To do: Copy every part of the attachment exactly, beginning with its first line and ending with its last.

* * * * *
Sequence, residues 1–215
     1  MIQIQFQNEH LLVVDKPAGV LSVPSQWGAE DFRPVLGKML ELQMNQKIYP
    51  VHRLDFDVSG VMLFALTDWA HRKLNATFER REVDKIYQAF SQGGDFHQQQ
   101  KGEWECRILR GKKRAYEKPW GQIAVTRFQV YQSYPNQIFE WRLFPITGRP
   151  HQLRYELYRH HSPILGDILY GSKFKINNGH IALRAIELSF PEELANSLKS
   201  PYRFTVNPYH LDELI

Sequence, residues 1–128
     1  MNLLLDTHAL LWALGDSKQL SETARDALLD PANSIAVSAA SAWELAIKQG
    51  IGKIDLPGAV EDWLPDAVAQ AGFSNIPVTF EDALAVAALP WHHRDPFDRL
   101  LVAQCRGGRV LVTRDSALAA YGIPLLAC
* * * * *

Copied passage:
Sequence, residues 1–215
     1  MIQIQFQNEH LLVVDKPAGV LSVPSQWGAE DFRPVLGKML ELQMNQKIYP
    51  VHRLDFDVSG VMLFALTDWA HRKLNATFER REVDKIYQAF SQGGDFHQQQ
   101  KGEWECRILR GKKRAYEKPW GQIAVTRFQV YQSYPNQIFE WRLFPITGRP
   151  HQLRYELYRH HSPILGDILY GSKFKINNGH IALRAIELSF PEELANSLKS
   201  PYRFTVNPYH LDELI

Sequence, residues 1–128
     1  MNLLLDTHAL LWALGDSKQL SETARDALLD PANSIAVSAA SAWELAIKQG
    51  IGKIDLPGAV EDWLPDAVAQ AGFSNIPVTF EDALAVAALP WHHRDPFDRL
   101  LVAQCRGGRV LVTRDSALAA YGIPLLAC